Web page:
In 2019, Bitcoin Banco Group, a brokerage firm which promised investors high returns on investment, ran into trouble, following several complaints from investors that could not place withdrawal requests on the platform. The company claimed that it was hacked and as a result, could not meet its obligations. Investors reported the case to the Federal police in Brazil and investigations commenced on the embattled company.
Oliveira and the Bitcoin Banco Group failed to provide evidence of the hack, which led to further suspicion. The alleged hack forced the firm to file for judicial recovery, a Brazilian law that shields bankrupt companies from creditors, allowing them to restructure debts, renegotiate and plan towards fulfilling their obligations to creditors. While in this phase, it was reported that Bitcoin Banco Group sidelined court instructions and continued to operate and even solicit for new investors.
Investigations revealed that the missing 7000 BTC were diverted to Oliveira’s personal wallets, prompting the federal police to make the arrest. The authorities also seized luxury cars and cash found in his possession. Claudio Oliveira will face trial for charges bordering on money laundering and fraud which affected around 20,000 investors.
Other Exchange Owners Face Fraud Charges
Korea times reported that top executives of Bithumb exchange may face trial in Hong Kong over a 100 billion won ($87,000,000) lawsuit filed by its Thai partners. Bithumb owner, Lee Jung Hoon allegedly received the aforementioned amount to facilitate the development and listing of BXA coins in Thailand after making a proposal which involved Bithumb launching in other countries. The deal fell apart eventually, causing complainants to believe that Lee Jung Hoon and Bithumb had ulterior motives for the deal.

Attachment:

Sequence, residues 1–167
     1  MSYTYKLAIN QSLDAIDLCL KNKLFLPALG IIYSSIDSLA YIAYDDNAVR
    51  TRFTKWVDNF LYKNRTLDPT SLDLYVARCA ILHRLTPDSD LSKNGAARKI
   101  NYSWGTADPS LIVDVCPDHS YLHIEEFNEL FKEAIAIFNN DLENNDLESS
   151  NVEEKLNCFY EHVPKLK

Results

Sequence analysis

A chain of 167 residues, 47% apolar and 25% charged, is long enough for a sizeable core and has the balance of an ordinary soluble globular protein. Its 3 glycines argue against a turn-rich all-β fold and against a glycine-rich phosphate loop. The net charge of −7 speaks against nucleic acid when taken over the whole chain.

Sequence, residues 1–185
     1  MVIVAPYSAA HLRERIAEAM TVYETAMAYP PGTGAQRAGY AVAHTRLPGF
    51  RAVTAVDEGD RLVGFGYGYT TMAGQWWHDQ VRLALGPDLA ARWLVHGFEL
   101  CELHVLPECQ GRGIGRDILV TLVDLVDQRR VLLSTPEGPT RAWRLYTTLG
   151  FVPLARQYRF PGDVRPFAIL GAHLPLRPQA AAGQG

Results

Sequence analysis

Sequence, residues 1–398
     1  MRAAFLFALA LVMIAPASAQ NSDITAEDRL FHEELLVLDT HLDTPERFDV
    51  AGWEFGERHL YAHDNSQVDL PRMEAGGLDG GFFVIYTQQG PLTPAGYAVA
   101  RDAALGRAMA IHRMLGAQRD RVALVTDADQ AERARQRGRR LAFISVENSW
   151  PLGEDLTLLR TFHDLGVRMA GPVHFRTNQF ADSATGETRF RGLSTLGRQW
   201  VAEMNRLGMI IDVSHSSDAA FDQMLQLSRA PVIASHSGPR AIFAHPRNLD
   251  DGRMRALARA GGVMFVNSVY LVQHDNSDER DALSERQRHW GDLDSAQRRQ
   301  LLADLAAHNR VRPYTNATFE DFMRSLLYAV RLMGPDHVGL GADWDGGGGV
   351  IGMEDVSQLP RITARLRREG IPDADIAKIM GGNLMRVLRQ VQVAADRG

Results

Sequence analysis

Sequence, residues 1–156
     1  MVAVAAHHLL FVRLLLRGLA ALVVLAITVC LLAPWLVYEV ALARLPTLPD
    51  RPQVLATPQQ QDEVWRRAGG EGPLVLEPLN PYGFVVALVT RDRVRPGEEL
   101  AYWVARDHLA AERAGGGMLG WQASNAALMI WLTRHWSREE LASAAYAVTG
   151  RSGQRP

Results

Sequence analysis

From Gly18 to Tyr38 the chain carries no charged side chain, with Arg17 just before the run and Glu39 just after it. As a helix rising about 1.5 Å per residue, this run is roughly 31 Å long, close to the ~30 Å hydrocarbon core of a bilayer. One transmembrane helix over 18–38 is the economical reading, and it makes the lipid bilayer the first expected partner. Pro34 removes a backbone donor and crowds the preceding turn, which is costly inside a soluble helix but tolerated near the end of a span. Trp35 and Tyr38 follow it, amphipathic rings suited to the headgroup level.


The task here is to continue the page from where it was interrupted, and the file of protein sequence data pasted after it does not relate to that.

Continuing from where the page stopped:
In what may be one of the biggest cryptocurrency scams, two South African brothers and founders of Africrypt exchange, Ameer and Raess Cajee told investors that the platform was hacked and that the company suffered losses. Lawyers of disgruntled customers said last month that about $3.6 billion went missing from the exchange. The whereabouts of the brothers remain unknown and attempts to reach them proved futile.
The Ongoing Fight Against Scams
Along with increased price and utility, cryptocurrency fraud cases have skyrocketed, with pump and dump schemes, hacks and fraudulent investment schemes proving to be a rampant menace in the space. A Forbes report showed that more than 80,000 cryptocurrency related scams were reported in the United States, representing more than 24,000% of the figure from 2016. In the wake of the growing count and widespread acceptance of cryptocurrencies as an asset class, authorities have relentlessly worked to decipher new methods to curb fraud in the space. An important win was scored when the US authorities managed to recover about 63.7 out of the 74 BTC (worth $4.4 million at the time) ransom paid to hackers responsible for the Colonial Pipeline attack.